The peak body for Australia’s solar industry, the Australian Solar Council (ASC), has moved to give government purchasers and consumers far greater confidence in the quality and performance of panels on the local market.
As the uptake of photovoltaic cells rapidly increases, the ASC has a launched a new ‘trust mark’ it expects will become the industry standard for local and state government installations, including those put to public tender.
The quality assurance stamp from the industry is a big deal for government, industry and consumers because it will for the first time create a standardised benchmark against which products can be assessed rather than wading through reams of complex technical documentation.
“We are talking to several local governments and state governments about making this a prerequisite for any projects done under government tender,” Solar Council chief executive John Grimes told Government News.
“Until now a paper assessment, once every five years, is all that has been done before a particular solar panel can be used in Australia.”
Mr Grimes said he expected that the new trust mark would become a de facto standard for government buyers because it offered “a much higher level of assurance” for outcomes.
An added incentive for government buyers is that the Australian industry led initiative will act to drive down the cost of product assessments that can sometimes inhibit initial purchasing of panels.
Although the blossoming solar industry has been in the crosshairs of some policymakers, especially at the federal level, local and state government have been literally voting with their rooftops in an effort to bring down increasingly expensive electricity costs.
In regional and remote areas, the combination of solar cells, new battery storage technology as well as lower energy lights and other devices has provided materially significant material savings that make solar installations readily viable in economic terms.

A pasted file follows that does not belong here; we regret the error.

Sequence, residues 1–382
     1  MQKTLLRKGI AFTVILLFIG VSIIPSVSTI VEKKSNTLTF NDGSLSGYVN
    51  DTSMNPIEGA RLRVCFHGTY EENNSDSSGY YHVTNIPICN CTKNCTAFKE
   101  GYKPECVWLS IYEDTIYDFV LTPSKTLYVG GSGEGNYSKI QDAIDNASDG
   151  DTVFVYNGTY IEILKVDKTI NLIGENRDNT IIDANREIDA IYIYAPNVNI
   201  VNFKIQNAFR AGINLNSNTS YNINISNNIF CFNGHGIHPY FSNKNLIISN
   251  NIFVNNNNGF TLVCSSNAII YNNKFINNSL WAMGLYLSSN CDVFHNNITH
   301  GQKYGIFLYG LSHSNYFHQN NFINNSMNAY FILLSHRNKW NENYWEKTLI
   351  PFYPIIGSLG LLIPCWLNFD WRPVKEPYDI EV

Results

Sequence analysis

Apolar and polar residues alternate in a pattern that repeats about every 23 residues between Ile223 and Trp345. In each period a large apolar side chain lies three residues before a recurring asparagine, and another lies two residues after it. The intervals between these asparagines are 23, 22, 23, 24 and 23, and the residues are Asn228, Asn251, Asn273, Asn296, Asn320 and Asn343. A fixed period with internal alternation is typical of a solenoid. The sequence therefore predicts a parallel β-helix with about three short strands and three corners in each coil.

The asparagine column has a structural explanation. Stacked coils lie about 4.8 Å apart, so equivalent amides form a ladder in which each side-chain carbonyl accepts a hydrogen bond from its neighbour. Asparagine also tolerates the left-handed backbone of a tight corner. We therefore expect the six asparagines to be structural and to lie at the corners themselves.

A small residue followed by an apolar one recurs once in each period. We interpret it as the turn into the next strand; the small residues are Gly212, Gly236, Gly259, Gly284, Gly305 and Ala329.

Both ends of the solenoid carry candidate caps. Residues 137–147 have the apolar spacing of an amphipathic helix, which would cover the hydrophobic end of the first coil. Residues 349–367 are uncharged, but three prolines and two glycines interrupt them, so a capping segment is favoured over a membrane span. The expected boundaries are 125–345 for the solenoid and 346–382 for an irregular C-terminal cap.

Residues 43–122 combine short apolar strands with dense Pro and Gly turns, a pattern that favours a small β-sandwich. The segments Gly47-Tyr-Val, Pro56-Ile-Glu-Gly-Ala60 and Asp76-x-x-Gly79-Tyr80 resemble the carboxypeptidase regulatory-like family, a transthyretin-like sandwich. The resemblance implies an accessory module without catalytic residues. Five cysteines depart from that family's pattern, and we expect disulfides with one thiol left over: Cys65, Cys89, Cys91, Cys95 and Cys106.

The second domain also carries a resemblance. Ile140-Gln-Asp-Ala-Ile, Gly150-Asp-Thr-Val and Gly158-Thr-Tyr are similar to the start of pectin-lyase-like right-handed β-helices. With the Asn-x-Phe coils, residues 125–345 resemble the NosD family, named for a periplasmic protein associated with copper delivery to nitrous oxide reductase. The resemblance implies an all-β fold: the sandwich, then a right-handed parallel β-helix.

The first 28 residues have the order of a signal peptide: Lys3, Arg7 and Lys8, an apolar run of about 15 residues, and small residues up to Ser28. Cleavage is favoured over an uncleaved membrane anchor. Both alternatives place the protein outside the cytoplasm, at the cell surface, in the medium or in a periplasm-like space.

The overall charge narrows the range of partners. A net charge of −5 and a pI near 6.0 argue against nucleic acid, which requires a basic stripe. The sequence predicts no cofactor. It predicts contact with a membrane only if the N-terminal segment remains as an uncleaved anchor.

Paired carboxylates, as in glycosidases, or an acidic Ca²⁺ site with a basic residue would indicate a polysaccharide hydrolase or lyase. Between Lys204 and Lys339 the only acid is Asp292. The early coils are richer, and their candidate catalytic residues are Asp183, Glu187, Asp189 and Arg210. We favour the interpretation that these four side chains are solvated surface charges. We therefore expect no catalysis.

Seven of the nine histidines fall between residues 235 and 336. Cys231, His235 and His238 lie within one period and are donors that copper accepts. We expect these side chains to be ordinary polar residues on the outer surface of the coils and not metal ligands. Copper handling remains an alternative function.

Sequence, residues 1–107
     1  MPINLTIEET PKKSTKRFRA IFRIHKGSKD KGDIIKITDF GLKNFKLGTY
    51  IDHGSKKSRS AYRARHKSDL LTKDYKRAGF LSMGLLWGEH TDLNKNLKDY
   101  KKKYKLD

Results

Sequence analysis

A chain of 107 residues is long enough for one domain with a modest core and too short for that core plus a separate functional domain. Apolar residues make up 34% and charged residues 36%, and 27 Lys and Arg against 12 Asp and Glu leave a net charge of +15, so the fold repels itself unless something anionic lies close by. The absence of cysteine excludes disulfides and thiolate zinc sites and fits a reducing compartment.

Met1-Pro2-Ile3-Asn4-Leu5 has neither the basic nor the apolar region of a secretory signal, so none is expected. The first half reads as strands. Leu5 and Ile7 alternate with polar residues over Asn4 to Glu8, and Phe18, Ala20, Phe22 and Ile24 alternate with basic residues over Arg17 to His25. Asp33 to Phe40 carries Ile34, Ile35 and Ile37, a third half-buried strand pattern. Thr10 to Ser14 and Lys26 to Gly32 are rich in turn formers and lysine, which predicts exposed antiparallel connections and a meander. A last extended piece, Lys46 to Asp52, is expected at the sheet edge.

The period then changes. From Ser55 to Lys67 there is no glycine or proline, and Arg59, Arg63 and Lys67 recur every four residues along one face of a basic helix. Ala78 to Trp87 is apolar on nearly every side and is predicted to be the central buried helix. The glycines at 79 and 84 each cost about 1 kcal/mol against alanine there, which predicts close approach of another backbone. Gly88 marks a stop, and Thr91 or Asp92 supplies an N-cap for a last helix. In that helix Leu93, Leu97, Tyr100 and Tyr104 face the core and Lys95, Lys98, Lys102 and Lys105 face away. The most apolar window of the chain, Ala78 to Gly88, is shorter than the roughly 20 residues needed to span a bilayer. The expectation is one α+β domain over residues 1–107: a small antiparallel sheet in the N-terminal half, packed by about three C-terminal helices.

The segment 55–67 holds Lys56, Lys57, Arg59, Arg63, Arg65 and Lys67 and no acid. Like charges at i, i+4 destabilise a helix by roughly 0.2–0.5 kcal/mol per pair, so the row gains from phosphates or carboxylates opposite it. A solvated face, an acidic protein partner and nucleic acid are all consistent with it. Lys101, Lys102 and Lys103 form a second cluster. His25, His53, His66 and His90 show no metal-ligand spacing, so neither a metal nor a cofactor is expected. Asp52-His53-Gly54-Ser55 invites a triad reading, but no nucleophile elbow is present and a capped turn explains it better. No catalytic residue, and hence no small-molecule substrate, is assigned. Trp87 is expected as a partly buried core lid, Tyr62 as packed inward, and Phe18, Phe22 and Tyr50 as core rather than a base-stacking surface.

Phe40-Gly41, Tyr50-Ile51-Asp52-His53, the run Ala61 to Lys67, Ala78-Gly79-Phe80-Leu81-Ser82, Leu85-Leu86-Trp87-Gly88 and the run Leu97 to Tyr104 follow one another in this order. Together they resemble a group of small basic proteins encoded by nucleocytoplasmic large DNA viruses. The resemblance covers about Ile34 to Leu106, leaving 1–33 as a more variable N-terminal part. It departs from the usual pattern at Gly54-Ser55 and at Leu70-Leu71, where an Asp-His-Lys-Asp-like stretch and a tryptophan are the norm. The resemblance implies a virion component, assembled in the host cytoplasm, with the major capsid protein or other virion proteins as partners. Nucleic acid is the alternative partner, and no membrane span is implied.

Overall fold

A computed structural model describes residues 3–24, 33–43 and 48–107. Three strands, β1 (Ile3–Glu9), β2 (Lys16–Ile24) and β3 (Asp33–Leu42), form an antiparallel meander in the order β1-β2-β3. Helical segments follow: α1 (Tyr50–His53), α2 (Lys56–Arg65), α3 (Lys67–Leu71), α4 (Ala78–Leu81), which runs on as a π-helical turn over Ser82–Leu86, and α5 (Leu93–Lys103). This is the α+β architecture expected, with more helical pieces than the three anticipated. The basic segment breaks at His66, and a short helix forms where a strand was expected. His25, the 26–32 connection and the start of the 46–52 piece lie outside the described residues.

However the rapid advances in solar technology and its increase in popularity in Australia has also attracted some cut-price manufacturers to the market whose quality control standards can vary.
The issue for solar buyers is that as the technology becomes mainstream and almost generic, it can become harder to tell which products meet quality standards and expectations – a key reason why the ASC want to expose product quality.
“The Australian Solar Council has seen numerous examples of substandard panels entering the Australian market, as some manufacturers pass off inferior panels as being ‘high quality’,” Mr Grimes said.
“Until now there has been no way for the public to identify genuine quality solar panels. Instead, we see disreputable manufacturers ‘gaming the system’, substituting cheap materials, and pricing quality manufacturers out of the market.”
Under the Solar Council’s quality mark program, solar panels will be audited “where they are made, to make sure the materials and processes used are of a genuine high standard.”
The “Positive Quality Program” will also put in place a “60 point factory check, detailed testing of solar panels (selected at random), and make sure all certificates are genuine and up-to-date, four times every year.”
The Solar Council says that under its new scheme “only solar panels that meet Australian Standards during continuous testing will be certified under the Positive Quality program.”
“Project developers, consultants and the general public will have an easy way to identify high-quality solar panels, when they see the Positive Quality logo”.
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